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Knowing When to Seek Treatment for Your Child

When to seek treatment for your child or teen

Knowing when to seek treatment for a mental health disorder is important for parents and families. Parents are often the first to suspect that their child or teen is challenged by feelings, behaviors, or environmental conditions that cause them to act disruptive, rebellious, or sad. This may include problems with:

  • Relationships

  • School

  • Sleeping

  • Eating

  • Substance abuse

  • Emotional expression

  • Coping

  • Attentiveness

  • Responsiveness

It's also important to know that people of different ages will show different symptoms and behaviors. Getting to know the common inappropriate behaviors of younger children and those of older, teen children will often help to identify any problems early when they can be treated more easily. It's important for families who suspect a problem in one, or more, of these areas to seek treatment as soon as possible. Treatment for mental health disorders is available.

What are the symptoms of problems in a younger child?

These are the most common symptoms of problems in a younger child. These symptoms require a psychiatric evaluation. Symptoms may include:

  • Significant decline in school performance or poor grades even though the child studies and tries hard to succeed

  • Little or no interest in activities previously enjoyed

  • Less interest in friends or family

  • Problems with sleep (for example, night terrors, nightmares, insomnia, or sleeping too much)

  • Hyperactivity

  • Continuous or frequent aggression or "acting out" (for periods longer than 6 months)

  • Continuous or frequent rebellion; opposition to authority and direction (for periods longer than 6 months)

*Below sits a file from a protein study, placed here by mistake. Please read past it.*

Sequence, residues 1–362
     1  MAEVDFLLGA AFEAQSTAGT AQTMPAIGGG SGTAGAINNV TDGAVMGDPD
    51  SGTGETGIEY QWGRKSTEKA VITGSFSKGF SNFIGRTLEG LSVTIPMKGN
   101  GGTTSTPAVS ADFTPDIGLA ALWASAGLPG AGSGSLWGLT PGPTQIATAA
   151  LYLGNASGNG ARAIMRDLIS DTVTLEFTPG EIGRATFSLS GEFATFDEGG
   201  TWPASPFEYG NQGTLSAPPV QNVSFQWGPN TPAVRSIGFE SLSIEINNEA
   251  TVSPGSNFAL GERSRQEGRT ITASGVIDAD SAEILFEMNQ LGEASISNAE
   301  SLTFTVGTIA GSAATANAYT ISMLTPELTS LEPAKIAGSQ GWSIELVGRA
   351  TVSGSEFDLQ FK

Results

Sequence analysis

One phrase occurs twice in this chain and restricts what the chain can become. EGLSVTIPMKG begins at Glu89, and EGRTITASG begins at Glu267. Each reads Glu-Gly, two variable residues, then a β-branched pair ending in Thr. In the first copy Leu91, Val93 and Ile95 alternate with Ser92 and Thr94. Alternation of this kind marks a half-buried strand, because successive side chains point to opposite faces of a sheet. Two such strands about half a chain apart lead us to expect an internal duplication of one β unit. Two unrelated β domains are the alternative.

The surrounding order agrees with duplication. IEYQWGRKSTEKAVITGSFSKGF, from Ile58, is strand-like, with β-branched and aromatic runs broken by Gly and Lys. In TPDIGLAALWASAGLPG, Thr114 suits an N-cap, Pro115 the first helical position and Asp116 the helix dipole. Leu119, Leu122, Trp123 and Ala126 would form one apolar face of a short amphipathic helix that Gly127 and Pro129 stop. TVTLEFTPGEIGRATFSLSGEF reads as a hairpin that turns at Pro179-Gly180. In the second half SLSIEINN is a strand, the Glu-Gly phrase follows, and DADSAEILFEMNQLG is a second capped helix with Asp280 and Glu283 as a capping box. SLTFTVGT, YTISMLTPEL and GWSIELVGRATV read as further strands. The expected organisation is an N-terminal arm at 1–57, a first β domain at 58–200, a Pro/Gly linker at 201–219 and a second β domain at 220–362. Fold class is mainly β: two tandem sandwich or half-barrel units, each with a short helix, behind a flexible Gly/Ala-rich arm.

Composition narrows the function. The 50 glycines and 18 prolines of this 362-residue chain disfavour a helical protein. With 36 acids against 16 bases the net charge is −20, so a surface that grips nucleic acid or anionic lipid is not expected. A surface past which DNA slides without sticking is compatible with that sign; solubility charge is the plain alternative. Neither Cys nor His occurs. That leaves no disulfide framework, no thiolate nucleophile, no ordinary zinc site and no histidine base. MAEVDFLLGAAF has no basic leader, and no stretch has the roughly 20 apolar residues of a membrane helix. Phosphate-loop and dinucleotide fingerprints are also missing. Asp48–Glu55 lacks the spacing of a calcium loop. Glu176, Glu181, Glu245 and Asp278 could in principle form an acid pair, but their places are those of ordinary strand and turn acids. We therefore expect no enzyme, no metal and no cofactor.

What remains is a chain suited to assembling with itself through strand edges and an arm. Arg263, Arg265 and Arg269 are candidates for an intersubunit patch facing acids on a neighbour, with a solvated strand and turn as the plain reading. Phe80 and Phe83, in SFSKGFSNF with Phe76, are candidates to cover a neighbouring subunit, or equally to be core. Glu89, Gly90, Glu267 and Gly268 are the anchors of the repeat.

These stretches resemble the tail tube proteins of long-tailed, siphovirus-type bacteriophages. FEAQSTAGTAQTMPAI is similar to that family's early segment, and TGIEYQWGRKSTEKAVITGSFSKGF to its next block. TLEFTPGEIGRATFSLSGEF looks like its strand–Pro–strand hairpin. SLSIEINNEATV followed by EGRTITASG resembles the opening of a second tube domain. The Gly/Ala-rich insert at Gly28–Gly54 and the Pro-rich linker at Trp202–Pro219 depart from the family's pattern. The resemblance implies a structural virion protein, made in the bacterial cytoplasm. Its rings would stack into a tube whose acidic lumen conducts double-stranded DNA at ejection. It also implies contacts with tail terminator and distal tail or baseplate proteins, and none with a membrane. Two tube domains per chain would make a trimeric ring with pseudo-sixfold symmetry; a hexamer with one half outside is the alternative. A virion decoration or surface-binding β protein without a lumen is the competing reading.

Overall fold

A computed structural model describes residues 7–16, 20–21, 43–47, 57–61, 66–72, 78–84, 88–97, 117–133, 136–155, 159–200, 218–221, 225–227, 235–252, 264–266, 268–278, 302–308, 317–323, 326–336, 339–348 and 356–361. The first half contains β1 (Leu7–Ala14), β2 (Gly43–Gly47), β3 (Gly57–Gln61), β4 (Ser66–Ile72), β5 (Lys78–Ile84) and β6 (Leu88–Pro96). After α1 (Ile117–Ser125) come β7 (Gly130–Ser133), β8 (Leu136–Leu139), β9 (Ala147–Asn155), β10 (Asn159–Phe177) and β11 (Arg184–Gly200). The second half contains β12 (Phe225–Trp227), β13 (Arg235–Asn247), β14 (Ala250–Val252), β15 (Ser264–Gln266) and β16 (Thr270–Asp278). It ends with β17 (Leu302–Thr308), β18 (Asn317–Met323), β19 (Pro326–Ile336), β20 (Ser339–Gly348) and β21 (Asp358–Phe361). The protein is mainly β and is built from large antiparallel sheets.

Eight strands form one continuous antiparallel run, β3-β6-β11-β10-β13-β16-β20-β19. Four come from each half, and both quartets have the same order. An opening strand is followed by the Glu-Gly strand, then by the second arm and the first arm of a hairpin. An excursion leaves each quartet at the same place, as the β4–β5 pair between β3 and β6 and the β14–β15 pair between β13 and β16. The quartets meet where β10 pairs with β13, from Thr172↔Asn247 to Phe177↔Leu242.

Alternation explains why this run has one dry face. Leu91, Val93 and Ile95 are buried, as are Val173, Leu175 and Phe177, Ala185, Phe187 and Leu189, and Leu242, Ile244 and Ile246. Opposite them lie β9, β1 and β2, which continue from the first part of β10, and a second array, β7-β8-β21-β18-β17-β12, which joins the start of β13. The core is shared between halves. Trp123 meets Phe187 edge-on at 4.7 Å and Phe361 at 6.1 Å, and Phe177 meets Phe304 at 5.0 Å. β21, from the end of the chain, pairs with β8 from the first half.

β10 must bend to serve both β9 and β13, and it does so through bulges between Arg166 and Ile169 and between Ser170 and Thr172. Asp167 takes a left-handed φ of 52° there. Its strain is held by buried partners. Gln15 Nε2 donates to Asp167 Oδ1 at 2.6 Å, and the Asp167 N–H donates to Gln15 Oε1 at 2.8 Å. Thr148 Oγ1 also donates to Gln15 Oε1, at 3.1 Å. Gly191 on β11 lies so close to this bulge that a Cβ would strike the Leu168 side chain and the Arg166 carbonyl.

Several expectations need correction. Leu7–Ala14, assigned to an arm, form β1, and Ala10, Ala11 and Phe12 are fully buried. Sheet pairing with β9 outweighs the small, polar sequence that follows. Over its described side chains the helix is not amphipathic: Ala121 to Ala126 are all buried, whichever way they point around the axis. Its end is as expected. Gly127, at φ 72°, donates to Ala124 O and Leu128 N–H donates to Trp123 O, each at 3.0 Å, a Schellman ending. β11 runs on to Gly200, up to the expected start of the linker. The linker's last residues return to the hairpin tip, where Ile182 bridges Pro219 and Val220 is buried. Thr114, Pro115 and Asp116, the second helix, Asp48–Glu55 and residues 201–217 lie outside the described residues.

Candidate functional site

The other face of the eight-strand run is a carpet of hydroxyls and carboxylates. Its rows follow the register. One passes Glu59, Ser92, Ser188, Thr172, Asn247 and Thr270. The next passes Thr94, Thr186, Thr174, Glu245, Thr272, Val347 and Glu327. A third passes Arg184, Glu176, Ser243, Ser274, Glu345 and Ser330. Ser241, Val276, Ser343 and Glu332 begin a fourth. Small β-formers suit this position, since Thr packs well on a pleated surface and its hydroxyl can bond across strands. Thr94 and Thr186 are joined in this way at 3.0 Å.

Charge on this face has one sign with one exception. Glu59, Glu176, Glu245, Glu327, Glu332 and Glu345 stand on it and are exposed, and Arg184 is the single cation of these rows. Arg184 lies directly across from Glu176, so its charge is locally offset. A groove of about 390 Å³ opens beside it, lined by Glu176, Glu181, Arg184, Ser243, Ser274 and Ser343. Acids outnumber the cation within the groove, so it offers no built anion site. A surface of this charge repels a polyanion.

• Refusal to attend school on a regular or frequent basis

  • Excessive worry or anxiety

  • Excessive, regular temper tantrums (without explanation)

  • Thoughts or talk of suicide

These symptoms may look like other conditions. Always talk with your child's healthcare provider for a diagnosis.

What are the symptoms of problems in the older child or teen?

These are the most common symptoms of problems in an older child or teen. These symptoms require a psychiatric evaluation. But each teen may experience symptoms differently. Symptoms may include:

  • Significant decline in school performance or poor grades even though the teen studies and tries hard to succeed

  • Withdrawal or decreased interest in activities previously enjoyed 

  • Disinterest in spending time with friends or family 

  • Substance (alcohol and drugs) abuse

  • Sleep disturbances (for example, persistent night terrors, nightmares, insomnia, or sleeping too much)

  • Depression (poor mood, negativity, or mood swings)

  • Appetite changes such as refusal to eat, excessive eating, food rituals, bingeing, or purging

  • Continuous or frequent aggression or "acting out" (for periods longer than 6 months)

  • Continuous or frequent rebellion; opposition to authority and direction (for periods longer than 6 months)

  • Continuous or frequent anger (for periods longer than 6 months)

  • Refusing to attend or skipping school

  • Excessive worry or anxiety

  • Self-injury

  • Threats to self or others

  • Thoughts of death

  • Thoughts or talk of suicide

  • Running away or threatening to run away

  • Destructive behaviors such as vandalism or other criminal activity

  • Sexually "acting out"

  • Lying or cheating

  • Many physical complaints

These symptoms may look like other conditions. Always talk with your child's healthcare provider for a diagnosis.

Online Medical Reviewer: L Renee Watson MSN RN
Online Medical Reviewer: Marianne Fraser MSN RN
Online Medical Reviewer: Paul Ballas MD
Date Last Reviewed: 10/1/2020
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